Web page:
Last week, I was in St. Louis to attend the National Organic Standards Board (NOSB) meeting, and I’d say we walked away with one big win, one big loss, and one win that shouldn’t really be considered a win.
For those who are unfamiliar with the NOSB, it is a 15-person board that is supposed to represent various interests of the organic industry, with each member appointed by the USDA secretary for a 5-year term. More than anything, the NOSB makes recommendations to the USDA regarding rules and regulations for all aspects of organic, including allowed and prohibited substances. The NOSB, which meets twice per year, is arguably the most important committee when it comes to deciding the fate and future of organic.
At this most recent meeting, there were many items up for discussion and vote, but the following three were the highest profile and most important. Here is a rundown on each.
This seaweed-derived additive commonly used as a thickener or stabilizer has been a source of a lot of controversy in organic over the last few years. Big industry players have been fighting to keep it in — maintaining that it is safe — while consumers have been clamoring for it to be removed. Carrageenan has been linked to gastrointestinal inflammation and higher rates of intestinal lesions, ulcerations, and even malignant tumors.
The NOSB voted to remove carrageenan, and it will no longer be allowed in certified organic products beginning in 2018.
My Take: This is a big win and kudos goes out to The Cornucopia Institute who has been aggressively lobbying against carrageenan for the last six years.
GMOs are prohibited in organic, and genetic modification is an excluded method. With the advent of new technologies since the original organic law was drafted, such as CRISPR-Cas9, mutagenesis and synthetic biology, these technologies needed to be added to the excluded methods list, along with principles and criteria to be used in the future evaluation of new technologies and terminologies.
The NOSB voted to approve the excluded methods proposal, and these new technologies will not be allowed in organic.
My Take: This is a win, but the fact that I have to consider this a win is alarming. Why? Because there was some debate about excluded methods, mostly behind the scenes.
In 2010, the NOSB made a recommendation to ban hydroponics, a system which grows terrestrial plants in water with their roots in nutrient systems. The USDA’s National Organic Program refused to accept this recommendation and some organic certifiers have since certified many hydroponic operations as organic, due to a lack of guidance from the USDA.
The hydroponics issue boils down to whether a plant must be grown in soil or not. The original definition of organic, as written in 1995, included the word “soil”, while a revised definition of organic production, as written in 2002, omitted “soil” and used “biological practices” instead.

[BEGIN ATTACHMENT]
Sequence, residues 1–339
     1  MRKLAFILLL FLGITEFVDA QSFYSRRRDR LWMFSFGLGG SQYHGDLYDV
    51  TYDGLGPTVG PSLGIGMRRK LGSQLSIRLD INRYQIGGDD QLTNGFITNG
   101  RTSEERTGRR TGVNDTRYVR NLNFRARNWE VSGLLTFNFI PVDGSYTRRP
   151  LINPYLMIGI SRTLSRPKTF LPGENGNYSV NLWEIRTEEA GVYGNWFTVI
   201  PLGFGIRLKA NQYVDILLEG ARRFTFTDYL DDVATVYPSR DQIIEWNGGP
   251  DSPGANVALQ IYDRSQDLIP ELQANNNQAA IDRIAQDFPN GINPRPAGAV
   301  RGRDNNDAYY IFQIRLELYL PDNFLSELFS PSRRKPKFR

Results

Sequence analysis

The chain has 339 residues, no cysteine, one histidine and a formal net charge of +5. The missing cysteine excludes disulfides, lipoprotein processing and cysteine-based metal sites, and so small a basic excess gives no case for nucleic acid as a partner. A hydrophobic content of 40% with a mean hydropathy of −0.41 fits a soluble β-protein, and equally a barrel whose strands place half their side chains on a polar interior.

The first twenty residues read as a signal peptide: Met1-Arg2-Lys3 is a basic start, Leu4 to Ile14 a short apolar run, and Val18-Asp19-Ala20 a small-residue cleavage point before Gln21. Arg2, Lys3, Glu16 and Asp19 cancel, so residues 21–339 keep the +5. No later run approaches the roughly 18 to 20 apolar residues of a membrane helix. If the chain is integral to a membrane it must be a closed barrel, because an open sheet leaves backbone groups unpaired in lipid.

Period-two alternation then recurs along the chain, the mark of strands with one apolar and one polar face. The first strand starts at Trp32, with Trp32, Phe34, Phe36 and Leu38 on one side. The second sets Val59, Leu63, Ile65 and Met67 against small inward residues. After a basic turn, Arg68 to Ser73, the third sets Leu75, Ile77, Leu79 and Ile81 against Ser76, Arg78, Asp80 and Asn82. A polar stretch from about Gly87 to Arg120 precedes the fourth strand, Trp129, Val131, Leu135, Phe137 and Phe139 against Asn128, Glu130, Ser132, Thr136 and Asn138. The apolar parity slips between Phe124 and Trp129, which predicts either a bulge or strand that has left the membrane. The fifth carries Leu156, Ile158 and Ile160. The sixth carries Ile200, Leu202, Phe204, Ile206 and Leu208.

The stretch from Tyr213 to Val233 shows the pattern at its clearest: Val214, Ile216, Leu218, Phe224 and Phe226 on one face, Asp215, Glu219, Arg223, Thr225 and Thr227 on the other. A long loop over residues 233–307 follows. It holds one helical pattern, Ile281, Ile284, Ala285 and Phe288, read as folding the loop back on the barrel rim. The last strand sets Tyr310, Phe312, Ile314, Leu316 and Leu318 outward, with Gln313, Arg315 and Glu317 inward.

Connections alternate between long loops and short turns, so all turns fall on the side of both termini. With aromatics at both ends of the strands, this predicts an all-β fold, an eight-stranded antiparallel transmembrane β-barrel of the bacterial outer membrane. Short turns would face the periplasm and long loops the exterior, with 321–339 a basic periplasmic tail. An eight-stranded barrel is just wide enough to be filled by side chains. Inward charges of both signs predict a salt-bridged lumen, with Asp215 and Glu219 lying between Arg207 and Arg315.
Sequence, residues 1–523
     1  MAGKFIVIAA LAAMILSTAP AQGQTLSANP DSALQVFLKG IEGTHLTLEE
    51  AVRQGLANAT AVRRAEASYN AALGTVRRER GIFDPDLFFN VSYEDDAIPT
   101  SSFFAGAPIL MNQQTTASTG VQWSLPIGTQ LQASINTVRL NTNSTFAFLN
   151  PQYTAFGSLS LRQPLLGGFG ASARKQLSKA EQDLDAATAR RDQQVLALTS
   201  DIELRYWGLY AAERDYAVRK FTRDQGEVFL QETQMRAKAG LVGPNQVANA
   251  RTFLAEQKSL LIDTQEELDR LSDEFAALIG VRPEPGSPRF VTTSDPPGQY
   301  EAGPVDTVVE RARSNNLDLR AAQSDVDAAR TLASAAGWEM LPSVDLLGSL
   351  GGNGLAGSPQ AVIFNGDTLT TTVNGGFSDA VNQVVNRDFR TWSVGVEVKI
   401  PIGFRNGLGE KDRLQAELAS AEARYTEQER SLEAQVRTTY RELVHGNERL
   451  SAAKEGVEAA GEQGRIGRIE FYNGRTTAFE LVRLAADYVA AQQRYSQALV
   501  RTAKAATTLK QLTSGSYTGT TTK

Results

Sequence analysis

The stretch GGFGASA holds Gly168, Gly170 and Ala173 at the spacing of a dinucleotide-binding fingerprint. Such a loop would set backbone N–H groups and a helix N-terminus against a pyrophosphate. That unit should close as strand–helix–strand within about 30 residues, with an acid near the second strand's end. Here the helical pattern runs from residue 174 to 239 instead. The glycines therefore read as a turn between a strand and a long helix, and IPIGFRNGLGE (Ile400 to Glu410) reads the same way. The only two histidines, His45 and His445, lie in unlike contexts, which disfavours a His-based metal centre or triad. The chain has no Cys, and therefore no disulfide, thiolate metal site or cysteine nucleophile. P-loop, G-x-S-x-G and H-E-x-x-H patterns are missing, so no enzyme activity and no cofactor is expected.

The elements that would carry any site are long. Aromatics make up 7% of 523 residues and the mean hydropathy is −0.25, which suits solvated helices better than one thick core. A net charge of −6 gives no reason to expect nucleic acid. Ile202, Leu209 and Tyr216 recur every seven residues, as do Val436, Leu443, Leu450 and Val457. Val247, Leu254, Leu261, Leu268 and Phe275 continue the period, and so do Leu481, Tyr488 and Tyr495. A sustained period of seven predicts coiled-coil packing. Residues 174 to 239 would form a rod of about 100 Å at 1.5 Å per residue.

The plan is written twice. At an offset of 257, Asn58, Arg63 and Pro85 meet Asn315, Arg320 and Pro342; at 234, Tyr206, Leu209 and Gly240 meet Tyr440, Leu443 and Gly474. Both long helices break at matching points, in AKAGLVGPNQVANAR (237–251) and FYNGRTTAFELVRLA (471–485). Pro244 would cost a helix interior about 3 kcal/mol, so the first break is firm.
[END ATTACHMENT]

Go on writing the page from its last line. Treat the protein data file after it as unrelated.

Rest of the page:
Other forms of growing plants in water or in other solutions, such as bioponics (bacteria added to the water), aquaponics (fish added to the water) and container systems (plants grown in peat moss, coconut fiber or mulch), have added further complexity to the matter.
The NOSB voted to send the whole hydroponics debacle back to a subcommittee for further clarification and definition.
My Take: This is a big loss. I am an advocate for hydroponics and very much appreciate its value to society, but I don’t believe that hydroponics is organic.
The foundation of organic is growing plants in soil. Period.
And many others agree. Mexico, Canada, Japan, New Zealand, and 24 European nations all prohibit hydroponic vegetable production to be sold as organic in their own countries. We ought to be working on strengthening organic standards in the U.S. rather than loosening them.
A legal complaint was filed a few weeks ago regarding the USDA’s allowance of hydroponics in organic, but it is uncertain what impact that will have. With five new NOSB members joining in early 2017, one could safely conclude that hydroponics won’t be voted on again until the fall of 2017 or sometime in 2018.
However, this is a fight that is not going to fade away. There is a lot of discussion taking place offline that I will get into in future blog posts. Stay tuned, as this is an incredibly important matter for many organic farmers and consumers. Livelihoods are at stake here.
FACEBOOK LIVE INTERVIEWS
In St. Louis, I was also very busy interviewing many different people and organizations within the organic sector, including:
Lisa Stokke, Co-Founder of Food Democracy Now! on the new report that FDN just put out about massive glyphosate contamination.
Jim Gerritsen, organic farmer, founder of Wood Prairie Family Farm in Maine, and President of Organic Seed Growers and Trade Association, on hydroponics not being rejected and the pre-emptive lawsuit against Monsanto that went to the Supreme Court.
Nate Lewis, Farm Policy Director, and Gwendolyn Wyard, Vice President of Regulatory and Technical Affairs, at the Organic Trade Association, on genetic engineering and hydroponics in organic.
Cameron Harsh, Senior Manager for Organic and Animal Policy at the Center for Food Safety, on carrageenan and genetic engineering in organic.
Diana Martin, Director of Communications at Rodale Institute, on feeding the world organic and the new Organic Farmers Association.